San Francisco physicians brace for electric scooter injuries

Shared electric scooters are returning to San Francisco's streets, and a team of the city's trauma specialists wants to track injuries that result from these increasingly popular transportation methods, The New York Times reports.

"I can say that several years ago that I didn't see these types of injuries happening, and now I do," said Catherine Juillard, MD, a trauma surgeon at Zuckerberg San Francisco General Hospital. "But we have to do the hard work of looking at the data to determine if there's truly a trend."

Earlier this year, thousands of shared electric scooters landed in San Francisco as "pay-as-you-go" vehicles.

After about three months of use, the city issued cease-and-desist orders that temporarily removed scooters from the streets, but they may return as soon as the end of August, when the city issues permits to up to five scooter companies.

Bird, a major scooter company, said it was creating a safety advisory council led by a former head of the National Highway Traffic Safety Administration. The panel will "focus on increasing the safety of people riding slow-speed electric scooters in a car-centric world," the company said.

In a meeting to assess concerns about these increasingly popular transportation methods, Dr. Juillard and her colleagues said they were also worried about possible injuries from electric bikes, mo-peds, hoverboards and Segways.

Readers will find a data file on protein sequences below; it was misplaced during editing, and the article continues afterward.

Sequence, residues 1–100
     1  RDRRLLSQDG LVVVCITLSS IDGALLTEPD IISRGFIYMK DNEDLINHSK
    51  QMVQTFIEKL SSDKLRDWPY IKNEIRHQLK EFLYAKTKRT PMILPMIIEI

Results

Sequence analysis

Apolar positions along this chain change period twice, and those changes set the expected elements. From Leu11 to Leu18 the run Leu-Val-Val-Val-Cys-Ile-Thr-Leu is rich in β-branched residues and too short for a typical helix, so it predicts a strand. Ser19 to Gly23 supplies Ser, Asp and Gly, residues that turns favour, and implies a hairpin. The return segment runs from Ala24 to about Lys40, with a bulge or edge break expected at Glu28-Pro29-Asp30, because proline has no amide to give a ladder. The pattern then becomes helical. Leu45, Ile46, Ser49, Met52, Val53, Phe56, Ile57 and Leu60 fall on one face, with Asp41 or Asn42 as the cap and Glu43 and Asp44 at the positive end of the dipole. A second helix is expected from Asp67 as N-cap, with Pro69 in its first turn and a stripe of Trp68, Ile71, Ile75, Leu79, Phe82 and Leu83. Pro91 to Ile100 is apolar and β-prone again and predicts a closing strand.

Chris Colwell, MD, Zuckerberg San Francisco General Hospital's chief of emergency medicine, said he sees injuries from bumps and bruises to life-altering head injuries. These safety concerns emerged almost as soon as the scooters did, according to Dr. Colwell.

"I'm quite confident that we were seeing five to 10 injuries from this a week, and I'm probably underestimating that," Dr. Colwell said. "We saw one or zero a month before the increase in electric scooters."

Hard data about safety risks of these vehicles is advisable, especially as electric scooter companies reach dozens more cities across the U.S., Dr. Juillard said. Bird aims to be in 50 cities by 2019.

"When technology enters transportation, people forget that it also becomes public health," Dr. Juillard said. "It becomes something where human lives are at stake."

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